William Dawson Scholar
Office: Stewart Biology Building, N7/13
Department of Psychology
1205 Dr Penfield Avenue
Basic mechanisms of human attention; Cognitive neuroscience of attention; Social cognition, social attention, and attentional development; Special populations; Functional neuroimaging.
Ristic, J. & Enns, J. T. (2015). The changing face of attentional development. Current Directions in Psychological Science, 24(1), 24-31
Boggia, J. & Ristic, J. (2015). Social event segmentation. Quarterly Journal of Experimental Psychology, 68(4), 731-744.
Ristic J. & Landry, M. (2015). Combining attention: A novel way of understanding links between attention, sensory processing, and complex behavior. Attention, Perception & Psychophysics, 77(1), 36-49.
Ristic, J. & Enns, J. T. (2015). Attentional development. In Liben, L. S. and Mueller, U. (Eds.) Handbook of Child Psychology and Developmental Science, 7th Ed, Volume 2: Cognitive Processes (pp. 158-202). Hoboken, New Jersey: Wiley.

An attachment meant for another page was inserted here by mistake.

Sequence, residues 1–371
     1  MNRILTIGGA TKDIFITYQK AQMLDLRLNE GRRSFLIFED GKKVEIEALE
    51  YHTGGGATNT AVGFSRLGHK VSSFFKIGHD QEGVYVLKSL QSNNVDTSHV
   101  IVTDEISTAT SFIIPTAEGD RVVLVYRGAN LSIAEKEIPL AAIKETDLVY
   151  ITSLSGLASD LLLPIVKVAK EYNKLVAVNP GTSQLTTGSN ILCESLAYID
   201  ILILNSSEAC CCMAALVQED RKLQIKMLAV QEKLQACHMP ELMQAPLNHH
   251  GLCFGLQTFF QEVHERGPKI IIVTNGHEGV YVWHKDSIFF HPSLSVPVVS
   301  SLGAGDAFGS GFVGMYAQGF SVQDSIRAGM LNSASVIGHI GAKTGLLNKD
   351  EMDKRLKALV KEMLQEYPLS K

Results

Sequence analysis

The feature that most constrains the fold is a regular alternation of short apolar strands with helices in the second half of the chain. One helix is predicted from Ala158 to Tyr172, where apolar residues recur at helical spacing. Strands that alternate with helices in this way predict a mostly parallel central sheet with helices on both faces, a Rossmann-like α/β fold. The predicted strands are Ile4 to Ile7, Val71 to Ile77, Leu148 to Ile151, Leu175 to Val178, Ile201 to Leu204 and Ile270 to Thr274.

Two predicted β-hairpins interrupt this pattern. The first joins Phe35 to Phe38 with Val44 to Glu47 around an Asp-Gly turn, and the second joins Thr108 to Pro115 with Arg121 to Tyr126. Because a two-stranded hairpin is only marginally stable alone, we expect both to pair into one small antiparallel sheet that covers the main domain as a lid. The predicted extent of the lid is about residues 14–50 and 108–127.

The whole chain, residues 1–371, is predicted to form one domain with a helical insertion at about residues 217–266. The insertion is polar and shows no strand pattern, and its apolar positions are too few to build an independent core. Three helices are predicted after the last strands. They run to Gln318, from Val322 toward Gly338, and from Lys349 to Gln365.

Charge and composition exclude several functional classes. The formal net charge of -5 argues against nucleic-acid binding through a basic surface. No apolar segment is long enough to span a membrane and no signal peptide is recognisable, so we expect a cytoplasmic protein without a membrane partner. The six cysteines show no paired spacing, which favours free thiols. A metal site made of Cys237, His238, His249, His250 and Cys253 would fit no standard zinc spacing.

Hayward, D. A., & Ristic, J. (2013). The uniqueness of social attention revisited: Working memory load interferes with endogenous but not social orienting. Experimental Brain Research, 231, 405-414.
Ristic, J., & Kingstone, A. (2012). A new form of human spatial attention: Automated symbolic orienting. Visual Cognition, 20(3), 244-264
Ristic, J., Mottron, L., Friesen, C.K., larocci, G., Burack, J., & Kingstone, A. (2005). Eyes are special but not for everyone: The case of autism. Cognitive Brain Research, 24, 715-718.
Ristic, J., Friesen, C. K., & Kingstone, A. (2002). Are eyes special? It depends on how you look at it. Psychonomic Bulletin & Review, 9 (3), 507-513.